“Link 51’s ability to interface with others involved with the project – including integrator FKI and consultants In-line Logistics and the Project and Building Consultancy – was a crucial success factor, as was its ability to respond rapidly and accurately to our tender documentation,” he adds. “This was key to establishing confidence in Link 51’s ability to turn around variations quickly and efficiently, essential to the smooth running of a fast-track project. Our confidence has now been fully realised with the successful completion of Link 51’s installation within this complex facility.”
Nichols also highlights the close attention paid to the working environment, and to safety. Examples include the use of specific paint colours and the open design as well as safety barriers in key locations, sacrificial legs at the base of the racking uprights and full height mesh protection in the wide-aisle racking area. Additionally, a full width, double-skinned steel wall with lockable access doors has been installed at the end of each of crane aisle to restrict access to operational and maintenance personnel only.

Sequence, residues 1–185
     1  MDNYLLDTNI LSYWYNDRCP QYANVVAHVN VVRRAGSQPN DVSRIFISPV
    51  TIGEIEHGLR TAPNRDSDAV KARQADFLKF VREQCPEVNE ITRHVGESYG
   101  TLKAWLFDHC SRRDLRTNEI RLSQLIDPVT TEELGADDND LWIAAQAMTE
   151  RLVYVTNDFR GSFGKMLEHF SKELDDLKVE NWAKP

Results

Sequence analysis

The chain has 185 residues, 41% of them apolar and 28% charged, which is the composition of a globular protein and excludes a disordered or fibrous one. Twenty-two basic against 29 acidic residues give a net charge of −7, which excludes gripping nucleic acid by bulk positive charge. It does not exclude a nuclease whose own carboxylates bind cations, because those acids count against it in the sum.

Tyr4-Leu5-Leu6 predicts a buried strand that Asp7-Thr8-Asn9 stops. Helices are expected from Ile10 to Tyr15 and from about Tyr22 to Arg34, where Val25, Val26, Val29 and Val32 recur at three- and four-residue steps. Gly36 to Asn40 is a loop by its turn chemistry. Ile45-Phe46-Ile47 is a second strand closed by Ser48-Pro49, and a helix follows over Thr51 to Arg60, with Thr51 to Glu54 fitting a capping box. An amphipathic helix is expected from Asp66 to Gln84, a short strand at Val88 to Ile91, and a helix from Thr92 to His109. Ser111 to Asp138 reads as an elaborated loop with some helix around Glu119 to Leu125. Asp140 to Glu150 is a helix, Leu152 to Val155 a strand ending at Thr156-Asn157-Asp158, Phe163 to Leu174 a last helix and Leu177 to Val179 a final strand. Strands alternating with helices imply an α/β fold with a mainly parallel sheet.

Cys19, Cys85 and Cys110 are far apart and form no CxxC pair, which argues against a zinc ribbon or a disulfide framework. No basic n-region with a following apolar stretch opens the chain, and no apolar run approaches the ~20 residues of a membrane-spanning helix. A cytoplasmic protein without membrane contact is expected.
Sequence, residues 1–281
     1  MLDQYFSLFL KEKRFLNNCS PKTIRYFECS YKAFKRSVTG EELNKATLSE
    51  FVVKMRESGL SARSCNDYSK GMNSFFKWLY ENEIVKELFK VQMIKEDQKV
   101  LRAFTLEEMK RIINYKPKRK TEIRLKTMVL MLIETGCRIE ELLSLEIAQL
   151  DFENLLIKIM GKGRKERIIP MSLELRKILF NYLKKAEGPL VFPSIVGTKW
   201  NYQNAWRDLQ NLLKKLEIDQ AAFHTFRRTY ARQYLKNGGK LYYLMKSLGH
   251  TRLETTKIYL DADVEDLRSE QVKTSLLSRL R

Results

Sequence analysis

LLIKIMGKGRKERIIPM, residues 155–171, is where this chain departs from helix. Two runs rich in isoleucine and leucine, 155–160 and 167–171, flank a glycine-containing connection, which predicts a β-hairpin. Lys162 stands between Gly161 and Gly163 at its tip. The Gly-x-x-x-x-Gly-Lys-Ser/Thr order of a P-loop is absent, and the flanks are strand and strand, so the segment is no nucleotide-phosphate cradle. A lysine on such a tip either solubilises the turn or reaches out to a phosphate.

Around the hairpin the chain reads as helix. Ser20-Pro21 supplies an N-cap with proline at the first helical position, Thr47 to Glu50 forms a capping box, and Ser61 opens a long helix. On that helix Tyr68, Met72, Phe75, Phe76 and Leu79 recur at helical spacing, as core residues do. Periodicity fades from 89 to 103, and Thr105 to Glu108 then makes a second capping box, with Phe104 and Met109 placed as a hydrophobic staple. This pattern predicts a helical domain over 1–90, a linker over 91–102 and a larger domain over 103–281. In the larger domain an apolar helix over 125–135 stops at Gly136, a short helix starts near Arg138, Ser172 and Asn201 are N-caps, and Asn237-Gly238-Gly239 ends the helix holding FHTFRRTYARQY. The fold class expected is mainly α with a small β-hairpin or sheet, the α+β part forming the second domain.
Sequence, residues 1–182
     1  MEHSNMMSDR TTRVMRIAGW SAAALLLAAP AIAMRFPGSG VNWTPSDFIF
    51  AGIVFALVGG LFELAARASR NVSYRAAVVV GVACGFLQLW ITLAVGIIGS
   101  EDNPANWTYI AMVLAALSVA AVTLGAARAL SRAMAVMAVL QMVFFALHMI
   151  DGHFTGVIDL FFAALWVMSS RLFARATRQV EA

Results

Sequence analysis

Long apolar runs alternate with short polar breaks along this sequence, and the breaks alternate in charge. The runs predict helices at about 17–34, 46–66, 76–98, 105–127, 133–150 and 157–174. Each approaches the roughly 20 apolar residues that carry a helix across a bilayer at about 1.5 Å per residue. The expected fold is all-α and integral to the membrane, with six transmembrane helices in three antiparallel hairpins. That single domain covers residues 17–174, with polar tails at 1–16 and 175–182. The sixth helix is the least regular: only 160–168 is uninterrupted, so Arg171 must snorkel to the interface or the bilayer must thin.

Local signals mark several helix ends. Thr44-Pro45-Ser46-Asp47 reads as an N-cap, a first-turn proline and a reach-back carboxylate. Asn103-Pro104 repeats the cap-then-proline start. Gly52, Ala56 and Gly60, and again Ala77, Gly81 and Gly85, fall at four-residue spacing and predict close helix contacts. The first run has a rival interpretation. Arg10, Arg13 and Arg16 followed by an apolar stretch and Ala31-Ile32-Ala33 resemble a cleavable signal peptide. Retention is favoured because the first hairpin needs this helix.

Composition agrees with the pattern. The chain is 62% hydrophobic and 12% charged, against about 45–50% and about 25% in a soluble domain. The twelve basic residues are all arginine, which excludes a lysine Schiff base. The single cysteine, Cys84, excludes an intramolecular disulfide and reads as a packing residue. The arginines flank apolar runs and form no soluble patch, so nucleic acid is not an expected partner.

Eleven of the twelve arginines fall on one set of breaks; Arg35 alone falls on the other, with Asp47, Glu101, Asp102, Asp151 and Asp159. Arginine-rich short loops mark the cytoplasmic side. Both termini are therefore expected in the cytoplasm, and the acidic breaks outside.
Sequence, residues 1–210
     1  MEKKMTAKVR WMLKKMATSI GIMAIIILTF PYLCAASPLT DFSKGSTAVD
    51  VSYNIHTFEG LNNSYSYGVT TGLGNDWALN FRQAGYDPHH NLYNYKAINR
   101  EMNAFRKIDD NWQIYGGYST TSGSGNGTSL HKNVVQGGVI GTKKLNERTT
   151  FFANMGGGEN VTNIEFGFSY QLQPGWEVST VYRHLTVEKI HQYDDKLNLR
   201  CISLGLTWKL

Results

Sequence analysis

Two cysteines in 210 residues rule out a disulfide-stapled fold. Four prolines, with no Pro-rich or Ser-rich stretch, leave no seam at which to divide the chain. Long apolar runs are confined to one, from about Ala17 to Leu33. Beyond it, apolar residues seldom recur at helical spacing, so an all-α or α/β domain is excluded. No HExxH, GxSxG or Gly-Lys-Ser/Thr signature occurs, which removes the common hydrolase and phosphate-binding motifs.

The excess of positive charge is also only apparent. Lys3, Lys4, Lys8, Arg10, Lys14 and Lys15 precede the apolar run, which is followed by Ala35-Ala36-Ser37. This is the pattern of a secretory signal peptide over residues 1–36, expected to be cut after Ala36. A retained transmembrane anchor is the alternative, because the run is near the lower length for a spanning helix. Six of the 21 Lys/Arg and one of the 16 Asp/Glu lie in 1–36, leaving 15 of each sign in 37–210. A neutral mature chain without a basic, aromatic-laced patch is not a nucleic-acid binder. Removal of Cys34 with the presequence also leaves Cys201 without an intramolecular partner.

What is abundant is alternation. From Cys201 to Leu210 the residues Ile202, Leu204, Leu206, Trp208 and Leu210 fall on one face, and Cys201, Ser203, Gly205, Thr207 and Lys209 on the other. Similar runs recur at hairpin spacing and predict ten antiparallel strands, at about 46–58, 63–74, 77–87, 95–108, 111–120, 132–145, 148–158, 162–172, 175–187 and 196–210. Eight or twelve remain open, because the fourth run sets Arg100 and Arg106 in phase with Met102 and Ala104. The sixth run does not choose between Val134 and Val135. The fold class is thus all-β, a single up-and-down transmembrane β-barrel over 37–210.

From Link 51’s perspective, its involvement with the project at Pearson demonstrates not just the company’s range of products but also its ability to play a central role in the installation and project management process.
“Because the racking, storage and materials handling systems are at the heart of the Pearson project, we have been involved at all stages of the process,” comments Link 51’s sales director, Keith Evans. “This runs from the site survey, from which the original designs were created, to handling modifications in the construction process and close liaison with suppliers of other key services. The latter does not only encompass the crane suppliers for Rugby but also other service installers such as the sprinkler system manufacturer.”